I Timothy 6:7-10, 17-19
It is a rare person who cannot be tempted by wealth. Most of us believe that if we were wealthier our lives would be easier and more enjoyable than they are now. We envy those who are rich enough to satisfy not only their “needs” but also most of their “wants.” We imagine that they are free of worry and can rest in the assurance that they have what they need to face the future with confidence.
But appearances can be deceptive. The passages we have before us today warn us that the desire for wealth can be extremely dangerous. “Those who want to be rich fall into temptation and are trapped by many senseless and harmful desires that plunge people into ruin and destruction. For the love of money is a root of all kinds of evil, and in their eagerness to be rich some have wandered away from the faith and pierced themselves with many pains.”
Desiring to be rich is dangerous. It can easily lead us into bad choices, which damage our character and our reputation, wreak havoc with our relationships, and result in ruin and destruction. “Be on your guard against all kinds of greed,” Jesus warns us.
Do you remember what it feels like to be at the threshold of something new in your life?
Imagine you are a student preparing to go off to college. It’s new and exciting and full of possibilities – (what courses shall I take? will I meet someone and fall in love? will I make lifelong friends? how will these years shape my future?) You’re excited, but it’s also a bit daunting because you can’t fully imagine the challenges ahead (will I get along with my roommate? will I experience heartbreak or disappointments? will I fail?)
Or imagine a young couple awaiting the birth of their first child. They’re thrilled, of course, but they’re also wondering, “What will it be like to be responsible for this tiny human being? Will we be good parents?” They anticipate the joys and possibilities of parenthood, but they also know it won’t be easy, and there is at least a possibility that it won’t as go well as they hope it will.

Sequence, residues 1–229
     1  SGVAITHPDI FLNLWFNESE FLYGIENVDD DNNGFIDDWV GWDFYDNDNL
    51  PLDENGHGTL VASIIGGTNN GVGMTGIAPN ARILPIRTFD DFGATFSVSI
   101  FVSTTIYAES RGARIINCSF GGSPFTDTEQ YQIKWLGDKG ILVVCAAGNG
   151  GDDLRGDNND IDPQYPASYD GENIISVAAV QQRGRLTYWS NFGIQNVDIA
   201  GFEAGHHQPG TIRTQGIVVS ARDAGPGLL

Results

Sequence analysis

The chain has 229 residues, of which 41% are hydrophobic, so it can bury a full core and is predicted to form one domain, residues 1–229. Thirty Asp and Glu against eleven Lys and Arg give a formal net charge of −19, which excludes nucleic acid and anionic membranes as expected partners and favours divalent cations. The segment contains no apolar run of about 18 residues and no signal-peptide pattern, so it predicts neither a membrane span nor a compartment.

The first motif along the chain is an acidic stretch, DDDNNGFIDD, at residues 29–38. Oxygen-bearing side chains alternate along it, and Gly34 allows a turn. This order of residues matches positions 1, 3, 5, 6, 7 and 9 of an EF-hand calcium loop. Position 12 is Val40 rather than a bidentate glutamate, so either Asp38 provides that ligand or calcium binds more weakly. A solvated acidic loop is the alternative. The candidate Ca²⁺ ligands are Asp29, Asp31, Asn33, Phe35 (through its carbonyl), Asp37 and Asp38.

This morning Jesus speaks to us of a heavenly wisdom, personified in a group of (rather human sounding) women before a (rather human sounding) wedding. I admit I am always a little startled when Jesus uses wedding imagery to illustrate the mysteries of the Kingdom of God. Yet he does so with notable frequency. For his contemporaries, as for us, there is a familiarity here.
“Then the kingdom of heaven will be like this. Ten bridesmaids took their lamps and went to meet the bridegroom. Five of them were foolish, and five were wise. When the foolish took their lamps, they took no oil with them; but the wise took flasks of oil with their lamps. As the bridegroom was delayed, all of them became drowsy and slept. But at midnight there was a shout, ‘Look! Here is the bridegroom! Come out to meet him.’ Then all those bridesmaids got up and trimmed their lamps. The foolish said to the wise, ‘Give us some of your oil, for our lamps are going out.’”
1 Samuel 17:31-50
In the story of David versus the Philistine giant, Goliath, we’re made sure to understand that David did not defeat his enemy with the normal implements of war. We’re told, for example, that David tried on Saul’s armor and sword, but it just wasn’t working for him. As Goliath approaches, David announces that the Lord does not save by sword and spear, and at the end of the battle we’re reminded again that there was no sword in David’s hand. No, unlike Goliath, armed to the teeth with sword, spear, and javelin, David had picked up five stones from a nearby stream to use with his humble sling.
Besides David’s notable lack of appropriate weaponry, what also caught my attention was the number of stones. It seems oddly specific to say David chose five stones. With a little research I found, as you could imagine, all sorts of theories on what the five stones represent. One of my favorites is that the number five symbolizes the Torah, the first five books of the Hebrew Bible, and in a more general sense the entire set of teachings and law considered the foundation of Jewish identity and culture.
This led me to consider the foundation Jesus gave us, his summation of Jewish law: love God with your whole being, and love your neighbor as yourself. And, in light of today’s story about David and Goliath, we’ll add: love your enemy.
Matthew 11:16-19; 25-30
Wisdom cries out in the street; in the squares she raises her voice. At the busiest corner she cries out; at the entrance of the city gates she speaks: ‘How long, O simple ones, will you love being simple?’ [i]